God's Crime Scene for Kids by J Warner and Susie Wallace Giveaway

Join your children in learning how to determine the most reasonable cause for everything we see in creation with a real-life detective! In God's Crime Scene for Kids, J. Warner Wallace shows kids ages 8 to 12 what skills are needed to solve Jason's mystery. Jason uncovers a mystery in his grandmother's attic. He and his friends, Hannah, Daniel and Jasmine, enlist the help of Detective Jeffries at the Jr. Detective's Academy. Your kids will look at evidence in the universe that demonstrates God is the creator and ultimately learn how to make their own case for God's existence. 

Help your kids become detectives who investigate creation for signs of God and His creativity by entering to win the Mystery Investigation Kit!

One grand prize winner will receive:
Enter today by clicking the icon below, but hurry! The giveaway ends on August 31. The winner will be announced September 1 on the Litfuse blog

My Review:

Wallace has taken his expert way of investigating truth and made it available to readers age 8 to 12. The story includes a group of kids, one of whom has found a mystery in his attic. Detective Jeffries help them solve the mystery while instructing them on investigative techniques. He then helps the young detectives apply those techniques to understanding the origin of the universe.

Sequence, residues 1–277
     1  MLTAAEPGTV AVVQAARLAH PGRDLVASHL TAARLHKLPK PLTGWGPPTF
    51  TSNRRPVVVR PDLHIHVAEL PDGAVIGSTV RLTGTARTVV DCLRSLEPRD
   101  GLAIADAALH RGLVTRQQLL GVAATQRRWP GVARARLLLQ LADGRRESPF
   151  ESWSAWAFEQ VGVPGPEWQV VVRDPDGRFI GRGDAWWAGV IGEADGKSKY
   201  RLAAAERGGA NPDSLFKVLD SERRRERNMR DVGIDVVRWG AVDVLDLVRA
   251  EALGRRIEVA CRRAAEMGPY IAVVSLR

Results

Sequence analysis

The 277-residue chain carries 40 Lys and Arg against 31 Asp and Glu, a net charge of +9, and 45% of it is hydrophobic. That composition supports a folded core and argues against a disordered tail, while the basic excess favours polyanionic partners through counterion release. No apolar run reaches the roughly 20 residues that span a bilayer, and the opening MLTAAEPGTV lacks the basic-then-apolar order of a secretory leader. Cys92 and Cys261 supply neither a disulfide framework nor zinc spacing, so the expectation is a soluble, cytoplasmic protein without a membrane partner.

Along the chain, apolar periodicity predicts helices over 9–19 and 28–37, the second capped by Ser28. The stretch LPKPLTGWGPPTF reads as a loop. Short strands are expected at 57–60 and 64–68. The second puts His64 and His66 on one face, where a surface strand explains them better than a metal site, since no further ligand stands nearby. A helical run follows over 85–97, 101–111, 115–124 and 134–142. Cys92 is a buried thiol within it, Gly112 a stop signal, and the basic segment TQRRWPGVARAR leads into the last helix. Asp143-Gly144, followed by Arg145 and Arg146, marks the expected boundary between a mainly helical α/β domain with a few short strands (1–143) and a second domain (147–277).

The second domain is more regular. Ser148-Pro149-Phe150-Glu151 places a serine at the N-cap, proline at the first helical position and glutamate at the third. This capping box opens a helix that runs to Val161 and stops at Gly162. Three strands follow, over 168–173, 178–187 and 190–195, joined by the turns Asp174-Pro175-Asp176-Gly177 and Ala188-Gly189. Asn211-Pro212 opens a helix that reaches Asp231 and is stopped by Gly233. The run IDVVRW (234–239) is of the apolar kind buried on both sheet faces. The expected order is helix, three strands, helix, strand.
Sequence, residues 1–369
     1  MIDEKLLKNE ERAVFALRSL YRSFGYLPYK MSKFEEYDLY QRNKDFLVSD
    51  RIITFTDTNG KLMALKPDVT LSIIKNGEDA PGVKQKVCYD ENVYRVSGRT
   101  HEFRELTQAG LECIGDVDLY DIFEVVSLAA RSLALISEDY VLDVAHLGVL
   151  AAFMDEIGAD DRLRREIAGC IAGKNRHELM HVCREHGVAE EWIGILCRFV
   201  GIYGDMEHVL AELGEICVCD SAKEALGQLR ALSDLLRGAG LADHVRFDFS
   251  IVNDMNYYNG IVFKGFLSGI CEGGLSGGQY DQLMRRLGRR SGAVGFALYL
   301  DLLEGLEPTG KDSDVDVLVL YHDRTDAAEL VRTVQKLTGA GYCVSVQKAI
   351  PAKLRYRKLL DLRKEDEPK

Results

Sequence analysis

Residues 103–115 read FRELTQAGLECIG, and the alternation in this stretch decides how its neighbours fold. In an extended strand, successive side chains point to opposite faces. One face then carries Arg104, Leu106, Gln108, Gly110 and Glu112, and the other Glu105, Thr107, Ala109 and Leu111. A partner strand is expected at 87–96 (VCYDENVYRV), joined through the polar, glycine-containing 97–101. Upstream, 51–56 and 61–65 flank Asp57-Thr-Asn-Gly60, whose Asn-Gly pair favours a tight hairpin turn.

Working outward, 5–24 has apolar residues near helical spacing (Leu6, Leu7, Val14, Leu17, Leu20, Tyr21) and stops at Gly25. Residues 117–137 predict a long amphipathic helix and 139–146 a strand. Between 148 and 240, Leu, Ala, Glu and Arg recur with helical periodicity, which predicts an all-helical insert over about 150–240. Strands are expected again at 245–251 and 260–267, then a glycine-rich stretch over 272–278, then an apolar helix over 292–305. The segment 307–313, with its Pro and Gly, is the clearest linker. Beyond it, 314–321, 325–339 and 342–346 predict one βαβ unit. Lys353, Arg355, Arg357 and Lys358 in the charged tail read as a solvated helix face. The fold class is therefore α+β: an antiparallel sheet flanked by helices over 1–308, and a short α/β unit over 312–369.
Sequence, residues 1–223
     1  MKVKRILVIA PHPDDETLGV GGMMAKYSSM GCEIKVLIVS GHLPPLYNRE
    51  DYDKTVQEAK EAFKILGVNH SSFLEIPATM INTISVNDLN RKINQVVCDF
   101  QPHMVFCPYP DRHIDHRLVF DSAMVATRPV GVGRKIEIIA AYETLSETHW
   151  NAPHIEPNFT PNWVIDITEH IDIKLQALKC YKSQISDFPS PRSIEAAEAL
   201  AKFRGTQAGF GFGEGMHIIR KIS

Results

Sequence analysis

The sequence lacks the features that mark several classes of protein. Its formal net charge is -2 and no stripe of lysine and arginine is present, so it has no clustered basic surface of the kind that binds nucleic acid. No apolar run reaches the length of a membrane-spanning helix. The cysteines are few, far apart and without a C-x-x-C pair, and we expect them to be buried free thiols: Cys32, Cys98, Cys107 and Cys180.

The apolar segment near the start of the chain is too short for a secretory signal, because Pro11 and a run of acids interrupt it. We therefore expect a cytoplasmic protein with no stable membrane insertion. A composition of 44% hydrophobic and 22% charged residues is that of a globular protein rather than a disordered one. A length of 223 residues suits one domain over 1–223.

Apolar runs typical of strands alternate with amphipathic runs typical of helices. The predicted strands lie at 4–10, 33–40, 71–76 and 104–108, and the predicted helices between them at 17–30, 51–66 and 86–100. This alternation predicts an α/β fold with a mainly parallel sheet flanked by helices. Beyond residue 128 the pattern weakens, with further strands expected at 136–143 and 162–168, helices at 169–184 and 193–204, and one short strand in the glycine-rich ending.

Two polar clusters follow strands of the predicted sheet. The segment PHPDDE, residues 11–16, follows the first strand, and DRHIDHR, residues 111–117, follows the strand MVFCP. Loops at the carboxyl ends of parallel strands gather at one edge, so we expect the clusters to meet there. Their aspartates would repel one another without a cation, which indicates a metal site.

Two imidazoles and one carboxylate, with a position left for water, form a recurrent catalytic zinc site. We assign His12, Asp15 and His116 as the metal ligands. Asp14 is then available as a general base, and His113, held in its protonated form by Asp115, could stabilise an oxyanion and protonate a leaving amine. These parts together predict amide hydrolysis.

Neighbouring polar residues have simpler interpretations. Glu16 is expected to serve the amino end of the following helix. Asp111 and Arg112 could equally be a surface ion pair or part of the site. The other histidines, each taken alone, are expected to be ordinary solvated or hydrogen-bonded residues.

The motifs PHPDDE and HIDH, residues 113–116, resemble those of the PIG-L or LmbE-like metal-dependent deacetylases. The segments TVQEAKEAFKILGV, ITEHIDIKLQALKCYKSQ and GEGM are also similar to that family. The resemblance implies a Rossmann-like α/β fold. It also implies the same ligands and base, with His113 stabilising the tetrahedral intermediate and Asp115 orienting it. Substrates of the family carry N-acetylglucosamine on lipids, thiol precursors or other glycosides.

I like how Wallace helps young detectives learn how to think through issues rather than telling them what to think. The kids learn skills like making a reasonable inference, asking the right questions, evaluating information, and more. He helps them come to the point where they can trust their conclusion.

Some serious issues are tackled in the book too, such as why God allows bad things to happen. There is also a good salvation message included in the book. The illustrations are great, as are the sidebar boxes with definitions and extra investigative ideas.

I recommend this book to young people who want to learn to think like a detective does. It's a great book for parents to read right along their their kids. You can find out more about this book and the others Wallace has written for kids at http://www.casemakersacademy.com/cold-case-christianity-for-kids/.

I am taking part in a blog tour of this book and you can read other reviews here.

My rating; 4/5 stars.

J. Warner and Susie Wallace have been training young people in the church for over a decade. J. Warner is a cold case detective who has been featured on Dateline, Fox News, TruTV, and other crime related television shows. A former atheist, he is the author of Cold-Case Christianity, God's Crime Scene, and more. He has a master's degree in theology and is the founder of http://coldcasechristianity.com/. Susie has a master's degree in speech pathology and co-writes and edits all the kids' books in this series. They have four children and live in Southern California.

David C Cook, 144 pages.

I received a complimentary galley of this book through Litfuse. My comments are an independent and honest review.